It’s been a hot button debate over the past several years, but things seem to be boiling to a head this year. When is a performance considered Lead, and when it is considered Supporting? Frankly, I can’t tell the difference anymore.
Here are 12 examples of the muddling of the categories from this awards season:
Anthony Hopkins receives top-billing for “The Two Popes”. He plays Pope Benedict XVI. However, the story is told from the perspective of the future Pope Francis, played by Jonathan Pryce. He receives second billing. Yet, for awards consideration, Netflix has Pryce in the Lead Actor category and Hopkins is going for a Supporting Actor nomination.
Eddie Redmayne and Felicity Jones were co-leads in 2014’s “The Theory of Everything”. Therefore, they were appropriately placed in the Best Actor and Best Actress categories. They are essentially on-screen an equal amount of time in Amazon’s “The Aeronauts”, but while Jones is being campaigned in Lead Actress, Redmayne is in Supporting Actor. It doesn’t make sense.
Robert Pattinson is in “The Lighthouse” slightly more than Willem Dafoe. But even though Dafoe is given top billing and has the showier performance, he’s in Supporting Actor and Pattinson is vying for Lead Actor consideration.
Tom Hanks plays Fred Rogers in the drama “A Beautiful Day in the Neighborhood”. He’s been the core person in the marketing, even though this is NOT a Mister Rogers biopic. Therefore, he’s going for Supporting Actor, and Matthew Rhys (billed second) is in the Lead Actor conversation.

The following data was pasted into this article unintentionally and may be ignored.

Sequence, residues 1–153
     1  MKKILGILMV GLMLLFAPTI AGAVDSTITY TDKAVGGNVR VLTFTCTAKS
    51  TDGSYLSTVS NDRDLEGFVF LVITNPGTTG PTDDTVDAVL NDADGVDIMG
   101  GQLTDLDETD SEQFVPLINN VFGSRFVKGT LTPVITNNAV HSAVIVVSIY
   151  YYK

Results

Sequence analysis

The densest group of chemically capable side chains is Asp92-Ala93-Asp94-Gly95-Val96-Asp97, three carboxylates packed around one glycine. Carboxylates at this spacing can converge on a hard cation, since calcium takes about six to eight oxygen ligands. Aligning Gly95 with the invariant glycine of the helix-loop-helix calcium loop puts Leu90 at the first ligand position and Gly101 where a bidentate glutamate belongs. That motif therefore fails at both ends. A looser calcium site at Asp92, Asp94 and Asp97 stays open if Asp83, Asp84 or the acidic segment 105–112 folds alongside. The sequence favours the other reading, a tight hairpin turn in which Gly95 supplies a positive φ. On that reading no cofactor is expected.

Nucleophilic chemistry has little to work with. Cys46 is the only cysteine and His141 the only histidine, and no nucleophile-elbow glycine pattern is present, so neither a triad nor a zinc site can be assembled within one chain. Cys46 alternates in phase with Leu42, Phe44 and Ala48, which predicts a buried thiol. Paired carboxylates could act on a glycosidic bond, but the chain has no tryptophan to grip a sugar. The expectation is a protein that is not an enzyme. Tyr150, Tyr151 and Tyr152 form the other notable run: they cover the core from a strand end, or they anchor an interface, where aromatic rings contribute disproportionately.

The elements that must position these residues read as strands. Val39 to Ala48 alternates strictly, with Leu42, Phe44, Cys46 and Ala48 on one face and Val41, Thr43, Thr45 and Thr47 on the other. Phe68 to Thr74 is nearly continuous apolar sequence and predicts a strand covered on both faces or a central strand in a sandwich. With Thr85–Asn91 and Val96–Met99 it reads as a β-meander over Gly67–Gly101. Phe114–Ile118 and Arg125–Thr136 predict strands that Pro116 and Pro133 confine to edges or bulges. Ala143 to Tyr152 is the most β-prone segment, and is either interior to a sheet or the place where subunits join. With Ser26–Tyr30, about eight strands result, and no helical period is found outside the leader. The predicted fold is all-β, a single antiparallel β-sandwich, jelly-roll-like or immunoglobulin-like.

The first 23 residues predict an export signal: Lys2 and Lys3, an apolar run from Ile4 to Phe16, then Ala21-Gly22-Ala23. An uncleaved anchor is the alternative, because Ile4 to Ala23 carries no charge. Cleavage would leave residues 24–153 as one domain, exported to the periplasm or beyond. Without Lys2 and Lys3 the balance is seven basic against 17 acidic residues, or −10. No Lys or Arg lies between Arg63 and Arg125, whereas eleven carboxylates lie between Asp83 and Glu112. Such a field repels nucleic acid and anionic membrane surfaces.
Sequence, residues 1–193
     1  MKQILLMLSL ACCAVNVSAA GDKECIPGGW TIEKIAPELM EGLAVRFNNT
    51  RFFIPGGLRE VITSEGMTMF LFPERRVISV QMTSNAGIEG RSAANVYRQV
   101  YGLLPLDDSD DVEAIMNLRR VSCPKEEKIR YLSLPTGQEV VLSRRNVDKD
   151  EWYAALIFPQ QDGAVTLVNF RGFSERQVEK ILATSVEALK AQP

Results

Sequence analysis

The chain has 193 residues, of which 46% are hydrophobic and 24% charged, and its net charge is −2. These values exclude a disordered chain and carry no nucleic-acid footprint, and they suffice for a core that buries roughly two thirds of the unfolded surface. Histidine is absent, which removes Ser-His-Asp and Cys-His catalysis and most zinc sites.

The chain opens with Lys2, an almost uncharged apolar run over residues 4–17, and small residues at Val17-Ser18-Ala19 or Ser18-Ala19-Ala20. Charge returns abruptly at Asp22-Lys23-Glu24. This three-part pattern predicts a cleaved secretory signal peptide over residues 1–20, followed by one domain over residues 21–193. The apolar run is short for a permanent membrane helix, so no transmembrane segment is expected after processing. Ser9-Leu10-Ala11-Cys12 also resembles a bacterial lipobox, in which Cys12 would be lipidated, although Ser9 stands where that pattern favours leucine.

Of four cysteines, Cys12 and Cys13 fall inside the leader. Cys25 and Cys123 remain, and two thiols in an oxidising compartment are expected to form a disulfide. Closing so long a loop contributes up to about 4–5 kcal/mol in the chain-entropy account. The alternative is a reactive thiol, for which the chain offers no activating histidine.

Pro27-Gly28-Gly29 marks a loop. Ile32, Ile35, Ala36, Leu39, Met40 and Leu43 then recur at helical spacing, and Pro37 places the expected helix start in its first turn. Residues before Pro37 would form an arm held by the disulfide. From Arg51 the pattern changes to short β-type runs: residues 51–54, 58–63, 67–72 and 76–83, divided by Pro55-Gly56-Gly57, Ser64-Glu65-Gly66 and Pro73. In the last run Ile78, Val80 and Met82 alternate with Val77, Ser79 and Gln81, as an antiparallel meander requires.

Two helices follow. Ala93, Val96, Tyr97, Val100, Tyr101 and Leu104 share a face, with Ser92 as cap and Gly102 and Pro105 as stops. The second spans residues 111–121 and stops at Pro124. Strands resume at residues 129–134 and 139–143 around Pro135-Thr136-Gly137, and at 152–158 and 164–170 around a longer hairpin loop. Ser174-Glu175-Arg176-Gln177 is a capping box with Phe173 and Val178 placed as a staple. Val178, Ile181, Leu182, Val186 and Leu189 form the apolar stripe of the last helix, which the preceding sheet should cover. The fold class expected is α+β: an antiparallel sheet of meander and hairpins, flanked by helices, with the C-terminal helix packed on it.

In a rare occurrence, Paul Walter Hauser is being advertised as the “and…” when listed among the ensemble of “Richard Jewell”. Yet, because he plays the title character, he’s the only one WB has listed for Lead Actor consideration.
Matt Damon and Christian Bale are close to co-leads in “Ford v. Ferrari”. But Fox could’ve made an argument to stick Bale (who has less screen time and is billed second) in Supporting Actor. However, the studio has chosen to place them both in Lead Actor.
This Spring’s little-seen “The Best of Enemies” saw Sam Rockwell receive twice as much screen time as Taraji P. Henson, even though Henson earned top-billing (and Rockwell is an Oscar winner).
“Honey Boy” stars Shia LaBeouf and Noah Jupe are both Independent Spirit Awards Best Supporting Actor nominees, even though they are the two main performers in the film.
Alfre Woodard has the clear, sole lead role in “Clemency”, but NEON is also campaigning for Aldis Hodge in the Lead Actor category, even though it’s much more of a supporting one.
Brad Pitt is a Supporting Actor contender for “Once Upon a Time in Hollywood” based on two reasons: 1) He is the definitive star of “Ad Astra” and 2) Leonardo DiCaprio does have more of a presence in Quentin Tarantino’s latest movie.
Martin Scorsese’s three and a half hour “The Irishman” sees Robert De Niro with top-billing and the most screen time. But, simply based on length of time on screen, Al Pacino’s supporting work as Jimmy Hoffa could be considered a “Lead” performance in films that were much shorter.
“The Good Liar” will NOT be receiving any awards nominations this year (except maybe from the Razzies). Still, it’s a bit surprising that Ian McKellen gets 2nd billing, when he’s on screen much more than Helen Mirren.